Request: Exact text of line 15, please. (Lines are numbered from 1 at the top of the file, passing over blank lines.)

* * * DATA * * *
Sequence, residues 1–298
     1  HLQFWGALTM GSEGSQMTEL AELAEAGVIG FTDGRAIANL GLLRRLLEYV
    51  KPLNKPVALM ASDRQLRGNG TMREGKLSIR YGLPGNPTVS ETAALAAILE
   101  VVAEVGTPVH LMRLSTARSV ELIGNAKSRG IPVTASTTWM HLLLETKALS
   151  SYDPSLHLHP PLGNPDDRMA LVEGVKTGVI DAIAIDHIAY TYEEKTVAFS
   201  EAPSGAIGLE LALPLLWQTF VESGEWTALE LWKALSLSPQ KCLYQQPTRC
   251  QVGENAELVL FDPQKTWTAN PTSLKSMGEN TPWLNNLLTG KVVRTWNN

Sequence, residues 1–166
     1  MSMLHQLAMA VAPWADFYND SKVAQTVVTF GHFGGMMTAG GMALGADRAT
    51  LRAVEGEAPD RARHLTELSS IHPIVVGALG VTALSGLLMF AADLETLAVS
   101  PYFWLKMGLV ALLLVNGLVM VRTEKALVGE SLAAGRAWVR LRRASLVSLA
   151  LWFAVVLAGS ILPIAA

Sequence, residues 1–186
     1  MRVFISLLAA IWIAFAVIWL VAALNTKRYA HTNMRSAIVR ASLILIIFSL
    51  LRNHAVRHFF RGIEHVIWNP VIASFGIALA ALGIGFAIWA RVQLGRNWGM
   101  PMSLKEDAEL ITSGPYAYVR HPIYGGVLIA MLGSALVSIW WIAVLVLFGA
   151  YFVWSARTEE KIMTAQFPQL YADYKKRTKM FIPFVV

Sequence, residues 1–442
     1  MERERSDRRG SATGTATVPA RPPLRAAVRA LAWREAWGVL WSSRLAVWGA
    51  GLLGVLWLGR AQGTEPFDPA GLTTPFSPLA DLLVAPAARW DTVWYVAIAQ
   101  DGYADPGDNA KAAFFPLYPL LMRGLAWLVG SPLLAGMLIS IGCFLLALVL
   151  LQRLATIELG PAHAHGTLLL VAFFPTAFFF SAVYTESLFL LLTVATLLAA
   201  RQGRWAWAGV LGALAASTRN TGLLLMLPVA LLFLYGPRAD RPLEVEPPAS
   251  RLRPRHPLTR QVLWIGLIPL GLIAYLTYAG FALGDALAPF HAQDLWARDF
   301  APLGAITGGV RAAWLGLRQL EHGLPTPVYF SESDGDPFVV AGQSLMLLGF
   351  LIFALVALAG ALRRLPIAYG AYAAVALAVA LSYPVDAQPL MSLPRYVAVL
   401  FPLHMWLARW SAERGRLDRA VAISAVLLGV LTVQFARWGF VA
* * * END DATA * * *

    51  LRNHAVRHFF RGIEHVIWNP VIASFGIALA ALGIGFAIWA RVQLGRNWGM